While wandering around on the kboards, I came across a post by Marti Talbott, about writing good blurbs. Here’s the one she wrote for the first book in her 14-book Highlander series, Anna:
“ANNA — In love with a woman he had only seen once and could not find, the Highlander, Kevin MacGreagor was growing older and needed a wife to give him sons. No other woman pleased him, not even the daughters of other lairds, so he finally settled for Anna sight unseen. But when his men went to meet her guard, she was all alone and badly beaten. Who could have done such a thing and why?”
That looks like it’s made out of hooks. Three of them. No, four. I mean – if the hero’s in love with a stranger he can’t find, that’s a smoking gun, I want to read about how he finds her (and she’s Anna). Aaaaand I wanna know who Anna is, that he’d settle for her sight unseen. And I wanna read about two strangers pitchforked into marriage together sight unseen. And! I want to know why she’s alone and badly beaten, and what the guy’s going to do to save her. Excellent.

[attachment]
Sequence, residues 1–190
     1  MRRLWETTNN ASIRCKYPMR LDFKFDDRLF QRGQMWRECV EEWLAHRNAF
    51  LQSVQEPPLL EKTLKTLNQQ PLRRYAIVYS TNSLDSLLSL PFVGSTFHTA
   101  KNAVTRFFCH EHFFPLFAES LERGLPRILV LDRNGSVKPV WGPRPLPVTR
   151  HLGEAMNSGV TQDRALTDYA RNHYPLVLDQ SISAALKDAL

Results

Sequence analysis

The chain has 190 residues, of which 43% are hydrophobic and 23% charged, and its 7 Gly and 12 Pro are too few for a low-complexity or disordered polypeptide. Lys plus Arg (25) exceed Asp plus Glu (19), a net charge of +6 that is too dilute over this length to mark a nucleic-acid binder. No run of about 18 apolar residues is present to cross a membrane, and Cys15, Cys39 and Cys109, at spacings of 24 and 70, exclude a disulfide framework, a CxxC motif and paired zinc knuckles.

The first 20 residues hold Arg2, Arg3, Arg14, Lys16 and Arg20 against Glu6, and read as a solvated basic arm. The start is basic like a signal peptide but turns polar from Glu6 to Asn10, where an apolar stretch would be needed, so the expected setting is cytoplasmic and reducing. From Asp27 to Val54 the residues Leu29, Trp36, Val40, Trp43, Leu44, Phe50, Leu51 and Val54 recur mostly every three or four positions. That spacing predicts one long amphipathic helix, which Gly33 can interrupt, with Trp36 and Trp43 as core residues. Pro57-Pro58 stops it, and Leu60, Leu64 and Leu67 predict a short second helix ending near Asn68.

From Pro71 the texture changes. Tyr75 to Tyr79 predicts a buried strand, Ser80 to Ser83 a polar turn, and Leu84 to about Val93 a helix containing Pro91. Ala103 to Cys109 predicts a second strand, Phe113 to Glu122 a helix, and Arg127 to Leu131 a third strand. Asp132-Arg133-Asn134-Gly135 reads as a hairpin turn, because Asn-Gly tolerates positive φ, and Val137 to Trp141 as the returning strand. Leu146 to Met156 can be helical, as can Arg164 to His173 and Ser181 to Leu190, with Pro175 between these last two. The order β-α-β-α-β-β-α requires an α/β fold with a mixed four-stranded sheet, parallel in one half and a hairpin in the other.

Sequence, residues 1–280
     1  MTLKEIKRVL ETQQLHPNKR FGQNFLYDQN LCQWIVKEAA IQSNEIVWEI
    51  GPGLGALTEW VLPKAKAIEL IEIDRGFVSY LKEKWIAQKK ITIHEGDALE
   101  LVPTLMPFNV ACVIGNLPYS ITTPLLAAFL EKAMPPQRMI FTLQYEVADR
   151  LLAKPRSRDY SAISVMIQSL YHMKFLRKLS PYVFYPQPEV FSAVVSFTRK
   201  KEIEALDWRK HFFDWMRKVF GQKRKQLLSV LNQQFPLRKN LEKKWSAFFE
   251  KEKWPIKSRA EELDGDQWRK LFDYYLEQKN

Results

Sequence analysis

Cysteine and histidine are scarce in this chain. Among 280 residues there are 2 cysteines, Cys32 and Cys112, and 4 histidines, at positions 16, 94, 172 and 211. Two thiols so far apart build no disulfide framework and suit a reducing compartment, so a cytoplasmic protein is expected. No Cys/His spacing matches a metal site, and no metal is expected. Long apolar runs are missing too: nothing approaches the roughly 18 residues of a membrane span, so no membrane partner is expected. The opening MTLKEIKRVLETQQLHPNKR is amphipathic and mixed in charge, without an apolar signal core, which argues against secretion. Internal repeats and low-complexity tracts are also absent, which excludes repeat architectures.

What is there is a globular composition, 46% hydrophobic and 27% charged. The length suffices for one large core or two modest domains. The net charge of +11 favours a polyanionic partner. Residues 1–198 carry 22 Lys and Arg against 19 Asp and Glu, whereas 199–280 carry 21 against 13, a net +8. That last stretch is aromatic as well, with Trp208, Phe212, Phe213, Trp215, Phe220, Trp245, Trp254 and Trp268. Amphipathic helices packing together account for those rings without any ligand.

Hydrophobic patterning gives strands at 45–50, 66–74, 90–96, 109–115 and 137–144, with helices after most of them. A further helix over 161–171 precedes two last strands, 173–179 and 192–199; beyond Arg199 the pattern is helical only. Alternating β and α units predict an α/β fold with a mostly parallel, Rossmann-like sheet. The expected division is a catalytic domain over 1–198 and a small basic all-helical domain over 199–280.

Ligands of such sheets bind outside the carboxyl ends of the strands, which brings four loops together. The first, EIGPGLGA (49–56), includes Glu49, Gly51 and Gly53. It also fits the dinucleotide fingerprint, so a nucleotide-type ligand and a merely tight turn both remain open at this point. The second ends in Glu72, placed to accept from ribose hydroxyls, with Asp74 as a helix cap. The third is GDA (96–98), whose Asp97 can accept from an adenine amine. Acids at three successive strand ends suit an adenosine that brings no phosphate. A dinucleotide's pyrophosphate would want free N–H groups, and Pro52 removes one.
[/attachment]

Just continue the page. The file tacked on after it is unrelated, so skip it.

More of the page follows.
That sounds like all the hooks in her book’s opening chapters. None of the usual details, either, except as they’re implicit: two names, the setting, and a stab at the genre.
If I lay out all my hooks, what do I get?
Christopher’s been raised in secret by magicians, who try to keep him locked away, never letting strangers near him, never letting him be seen. One day he runs away – only to be captured by the king’s soldiers and taken to the palace. There he’s given eleven shocked, protesting girls for his companions, and told they will grow up to be knights, wielding terrifying battle-magic, the guardians of the land. With him as their Key. Because he is something called a Key, and that makes him the most important person in the entire kingdom …
All but one of the girls are as horrified as he is.